As electronic discovery becomes more prevalent, systems need to consider the ability to efficiently respond to outside requests. There are no real savings from avoiding the personnel costs associated with organizing needed data, and discarding unneeded data. Any such hoped-for savings will instead be spent (plus more) when responding to outside requests.

The Problem with ILM Software Solutions

ILM provides technical (software and hardware) assistance that can speed processing time and reduce costs. Understandably, ILM vendors generally focus on selling their products, and do not appropriately address the human aspects of how their hardware and software will be employed once the product invoice is paid. Because ILM is usually applied as an incomplete solution, most ILM projects fail to meet their potential.

Most IT managers have the mindset that storing more data is “safer” … “just in case”. Most ILM vendors cater to this mindset by convincing IT managers that they can store more data with the same (or even a reduced) budget. This is a false economy because it ignores the legal-related costs that are in someone else’s budget.

Automating a mess will only create a faster mess. More important savings occur when the enterprise (i) reduces the storage by eliminating that which is duplicative and/or no longer needed, and (ii) changes end-user behavior to comply with policies that already exist but are not enforced. These tasks are much more difficult than purchasing an ILM product. However, this must be done in today’s current environment where hardware and software are a small piece of the total records storage cost.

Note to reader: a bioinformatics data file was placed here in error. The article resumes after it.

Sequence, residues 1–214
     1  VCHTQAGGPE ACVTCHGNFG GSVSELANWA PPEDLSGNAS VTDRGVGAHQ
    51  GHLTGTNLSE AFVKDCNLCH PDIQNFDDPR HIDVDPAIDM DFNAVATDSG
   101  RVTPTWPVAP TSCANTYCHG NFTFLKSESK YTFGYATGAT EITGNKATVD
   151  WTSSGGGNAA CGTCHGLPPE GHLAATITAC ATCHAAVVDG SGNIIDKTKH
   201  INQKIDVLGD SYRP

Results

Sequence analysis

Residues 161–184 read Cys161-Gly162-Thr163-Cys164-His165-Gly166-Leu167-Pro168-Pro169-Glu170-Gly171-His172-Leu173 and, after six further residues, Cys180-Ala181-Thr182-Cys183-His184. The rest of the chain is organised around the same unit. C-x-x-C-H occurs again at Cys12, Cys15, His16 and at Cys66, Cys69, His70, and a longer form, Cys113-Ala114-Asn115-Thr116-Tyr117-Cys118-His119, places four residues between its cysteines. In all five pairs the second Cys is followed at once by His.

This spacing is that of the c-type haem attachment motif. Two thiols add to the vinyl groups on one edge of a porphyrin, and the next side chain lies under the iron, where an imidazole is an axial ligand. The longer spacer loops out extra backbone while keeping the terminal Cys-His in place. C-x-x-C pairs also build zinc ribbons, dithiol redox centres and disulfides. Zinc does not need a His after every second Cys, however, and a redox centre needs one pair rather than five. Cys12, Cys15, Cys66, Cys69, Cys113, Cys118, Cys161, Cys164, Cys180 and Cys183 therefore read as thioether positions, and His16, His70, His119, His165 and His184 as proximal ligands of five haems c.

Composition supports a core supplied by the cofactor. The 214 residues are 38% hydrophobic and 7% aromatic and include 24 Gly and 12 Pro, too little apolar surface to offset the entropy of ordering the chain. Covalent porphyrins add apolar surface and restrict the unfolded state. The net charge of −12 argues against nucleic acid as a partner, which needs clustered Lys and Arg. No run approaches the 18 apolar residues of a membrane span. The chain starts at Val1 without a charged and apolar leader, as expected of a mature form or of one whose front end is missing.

See Electronic Discovery Best Practices for additional recommendations in this area. See Substantially Reduce Electronic Discovery Costs and Special Masters and Court-Appointed Experts Save Electronic Discovery Costs for advice once a litigation hold is already in place.

ABOUT THE AUTHOR: David E. Nolte
David E. Nolte has 30 years experience in financial and economic consulting. He has served as an expert witness in over 100 trials. He has also regularly served as an arbitrator. Mr. Nolte has achieved the following credentials - CPA, MBA, CMA and ASA.

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While every effort has been made to ensure the accuracy of this publication, it is not intended to provide legal advice as individual situations will differ and should be discussed with an expert and/or lawyer.
For specific technical or legal advice on the information provided and related topics, please contact the author.